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Justice Breyer issues warning on remaking Supreme Court: ‘What goes around comes around’

Supreme Court Justice Stephen BreyerStephen BreyerJustice Breyer to be interviewed on ‘Fox News Sunday’ amid calls for retirement Supreme Court ruling on Texas abortion law rattles lawmakers Klobuchar points to Texas abortion law in discussing potential Breyer retirement MORE issued a warning on remaking the Supreme Court, stating “what goes around comes around.”

Breyer made the remark in an interview with NPR published Friday to promote his book “The Authority of the Court and the Peril of Politics.”

“What goes around comes around. And if the Democrats can do it, the Republicans can do it,” Breyer told the news outlet.

Conservatives currently hold a 6-3 majority on the high court, leading to some progressives to call for its expansion.

President BidenJoe BidenKentucky state lawmakers vote to scrap school mask mandate Arkansas governor pushes back against Biden’s vaccine mandate RNC vows to sue over Biden vaccine, testing mandate MORE signed an executive order in April establishing a commission to study whether to add seats to the Supreme Court, an idea that Biden himself has remained neutral on.

Breyer has previously warned against so-called court-packing.

In remarks for Harvard Law School in April, Breyer warned that changing the court could harm public trust in the institution.

Breyer’s book argues that public acceptance of the high court’s opinions have fortified the rule of law as essential to democracy, according to the news outlet.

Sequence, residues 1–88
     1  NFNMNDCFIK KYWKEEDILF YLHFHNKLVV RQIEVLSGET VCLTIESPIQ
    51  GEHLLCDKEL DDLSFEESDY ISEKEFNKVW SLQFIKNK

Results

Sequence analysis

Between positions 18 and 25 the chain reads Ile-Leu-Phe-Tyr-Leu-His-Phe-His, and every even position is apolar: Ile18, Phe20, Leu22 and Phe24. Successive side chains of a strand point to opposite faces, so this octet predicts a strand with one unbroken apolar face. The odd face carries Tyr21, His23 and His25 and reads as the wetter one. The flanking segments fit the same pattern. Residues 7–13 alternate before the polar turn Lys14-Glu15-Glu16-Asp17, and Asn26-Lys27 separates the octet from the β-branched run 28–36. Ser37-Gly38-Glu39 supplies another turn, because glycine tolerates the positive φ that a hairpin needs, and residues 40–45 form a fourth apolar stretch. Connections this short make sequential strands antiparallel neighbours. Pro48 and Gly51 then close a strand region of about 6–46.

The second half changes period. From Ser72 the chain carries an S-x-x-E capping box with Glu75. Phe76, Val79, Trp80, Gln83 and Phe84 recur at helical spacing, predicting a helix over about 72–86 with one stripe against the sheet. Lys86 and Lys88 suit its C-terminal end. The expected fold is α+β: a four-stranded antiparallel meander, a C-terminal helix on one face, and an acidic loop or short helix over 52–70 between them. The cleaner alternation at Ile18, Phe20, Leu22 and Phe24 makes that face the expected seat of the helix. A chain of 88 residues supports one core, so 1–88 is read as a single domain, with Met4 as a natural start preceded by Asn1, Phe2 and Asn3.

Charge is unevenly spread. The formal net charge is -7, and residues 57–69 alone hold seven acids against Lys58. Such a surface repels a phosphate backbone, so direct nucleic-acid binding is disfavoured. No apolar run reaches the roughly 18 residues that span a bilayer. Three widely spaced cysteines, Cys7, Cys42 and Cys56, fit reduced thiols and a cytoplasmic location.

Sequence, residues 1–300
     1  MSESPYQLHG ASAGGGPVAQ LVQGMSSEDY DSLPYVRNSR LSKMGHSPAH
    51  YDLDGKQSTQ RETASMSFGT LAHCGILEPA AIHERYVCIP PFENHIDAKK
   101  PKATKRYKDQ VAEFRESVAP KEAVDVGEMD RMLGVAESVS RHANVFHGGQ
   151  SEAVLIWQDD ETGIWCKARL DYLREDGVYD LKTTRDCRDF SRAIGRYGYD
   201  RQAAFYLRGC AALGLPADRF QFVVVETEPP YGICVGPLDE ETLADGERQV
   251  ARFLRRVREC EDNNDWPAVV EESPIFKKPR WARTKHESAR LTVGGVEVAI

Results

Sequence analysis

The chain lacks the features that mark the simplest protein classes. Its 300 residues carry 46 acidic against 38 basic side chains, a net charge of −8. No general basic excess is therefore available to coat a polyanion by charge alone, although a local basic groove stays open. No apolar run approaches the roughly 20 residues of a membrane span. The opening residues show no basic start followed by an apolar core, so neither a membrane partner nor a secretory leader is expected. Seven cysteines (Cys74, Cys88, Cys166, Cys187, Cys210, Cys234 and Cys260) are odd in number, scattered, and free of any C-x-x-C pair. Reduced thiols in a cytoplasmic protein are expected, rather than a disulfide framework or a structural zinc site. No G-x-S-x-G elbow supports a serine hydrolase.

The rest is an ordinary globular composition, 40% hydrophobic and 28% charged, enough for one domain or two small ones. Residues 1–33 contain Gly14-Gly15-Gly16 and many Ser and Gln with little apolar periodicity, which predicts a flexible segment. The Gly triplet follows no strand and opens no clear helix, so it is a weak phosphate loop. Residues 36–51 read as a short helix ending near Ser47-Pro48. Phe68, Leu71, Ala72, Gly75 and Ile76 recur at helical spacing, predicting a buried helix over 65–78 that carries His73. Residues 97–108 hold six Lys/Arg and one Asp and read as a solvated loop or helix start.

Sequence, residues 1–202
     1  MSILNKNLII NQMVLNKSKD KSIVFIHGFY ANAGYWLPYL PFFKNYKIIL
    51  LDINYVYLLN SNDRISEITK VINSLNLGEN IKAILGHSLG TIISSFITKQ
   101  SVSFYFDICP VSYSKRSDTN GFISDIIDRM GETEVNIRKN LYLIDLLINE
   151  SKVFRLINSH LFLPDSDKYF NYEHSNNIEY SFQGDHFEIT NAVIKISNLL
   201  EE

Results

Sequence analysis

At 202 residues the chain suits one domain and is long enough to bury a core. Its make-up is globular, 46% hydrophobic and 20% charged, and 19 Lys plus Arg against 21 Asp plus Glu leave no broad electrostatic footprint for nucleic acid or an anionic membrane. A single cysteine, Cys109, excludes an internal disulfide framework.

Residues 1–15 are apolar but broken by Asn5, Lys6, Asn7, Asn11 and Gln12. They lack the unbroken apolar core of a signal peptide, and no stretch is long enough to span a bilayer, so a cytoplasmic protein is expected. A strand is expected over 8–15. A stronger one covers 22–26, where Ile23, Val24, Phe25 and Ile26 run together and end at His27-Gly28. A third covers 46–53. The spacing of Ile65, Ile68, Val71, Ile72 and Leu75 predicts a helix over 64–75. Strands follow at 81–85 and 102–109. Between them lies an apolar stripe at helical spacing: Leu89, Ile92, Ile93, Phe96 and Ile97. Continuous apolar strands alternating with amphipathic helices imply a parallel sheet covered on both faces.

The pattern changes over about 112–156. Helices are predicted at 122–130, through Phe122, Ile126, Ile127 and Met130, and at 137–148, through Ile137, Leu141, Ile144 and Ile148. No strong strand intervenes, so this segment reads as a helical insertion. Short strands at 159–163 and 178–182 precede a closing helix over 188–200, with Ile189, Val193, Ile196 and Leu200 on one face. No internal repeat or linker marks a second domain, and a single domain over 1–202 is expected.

In the NPR interview, Breyer pointed to comments former Senate Democratic Leader Harry ReidHarry Mason ReidHarry Reid renews call for filibuster to be abolished: ‘We need to get the Senate working again’ White House says ball is in Congress’s court on voting rights, abortion Biden grapples with twin crises MORE (Nev.) made following the 2000 presidential election, when the Supreme Court essentially ruled that George W. Bush won the race.

“He said the most remarkable thing about this case is, even though probably half the country didn’t like it at all, and it was totally wrong, in his opinion and in mine, people followed it, and they didn’t throw brickbats at each other and they didn’t have riots,” Breyer said.

Breyer also said he welcomes the resumption of in-person oral arguments after the court had gone virtual due to the coronavirus pandemic.

“I think it’s better to be there where you can actually see the lawyer and see your colleagues, and you get more of a human interaction,” he said to NPR.

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